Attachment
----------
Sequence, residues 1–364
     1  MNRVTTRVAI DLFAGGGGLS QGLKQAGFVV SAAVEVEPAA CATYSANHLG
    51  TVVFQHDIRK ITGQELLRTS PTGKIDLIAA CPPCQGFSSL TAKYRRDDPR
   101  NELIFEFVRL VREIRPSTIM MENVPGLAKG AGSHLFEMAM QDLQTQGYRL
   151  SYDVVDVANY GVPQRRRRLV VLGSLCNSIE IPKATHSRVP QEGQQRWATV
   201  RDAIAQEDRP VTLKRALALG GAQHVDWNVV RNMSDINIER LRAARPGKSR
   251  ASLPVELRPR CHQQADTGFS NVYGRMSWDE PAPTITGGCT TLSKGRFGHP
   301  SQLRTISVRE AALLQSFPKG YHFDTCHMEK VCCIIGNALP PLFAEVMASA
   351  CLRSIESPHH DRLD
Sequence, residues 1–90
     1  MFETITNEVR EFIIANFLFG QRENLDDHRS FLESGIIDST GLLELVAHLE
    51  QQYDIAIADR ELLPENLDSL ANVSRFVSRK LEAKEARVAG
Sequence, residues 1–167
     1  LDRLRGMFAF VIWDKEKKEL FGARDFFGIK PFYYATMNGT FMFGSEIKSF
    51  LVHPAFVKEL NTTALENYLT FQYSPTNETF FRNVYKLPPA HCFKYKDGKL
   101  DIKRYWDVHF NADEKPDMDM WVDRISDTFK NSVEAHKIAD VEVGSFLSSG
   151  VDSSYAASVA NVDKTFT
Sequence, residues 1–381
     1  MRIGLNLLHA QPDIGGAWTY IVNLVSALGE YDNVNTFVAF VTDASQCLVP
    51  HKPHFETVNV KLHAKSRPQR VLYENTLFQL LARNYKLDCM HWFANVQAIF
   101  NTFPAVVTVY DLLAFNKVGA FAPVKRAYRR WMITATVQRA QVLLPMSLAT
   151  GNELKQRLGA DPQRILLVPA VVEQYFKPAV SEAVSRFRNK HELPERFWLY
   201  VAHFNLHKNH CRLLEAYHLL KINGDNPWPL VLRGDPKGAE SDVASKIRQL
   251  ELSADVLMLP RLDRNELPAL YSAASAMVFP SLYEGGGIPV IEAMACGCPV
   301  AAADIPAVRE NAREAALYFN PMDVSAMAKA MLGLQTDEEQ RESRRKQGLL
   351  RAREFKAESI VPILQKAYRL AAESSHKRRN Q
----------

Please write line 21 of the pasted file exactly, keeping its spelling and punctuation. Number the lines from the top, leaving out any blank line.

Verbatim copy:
   101  NTFPAVVTVY DLLAFNKVGA FAPVKRAYRR WMITATVQRA QVLLPMSLAT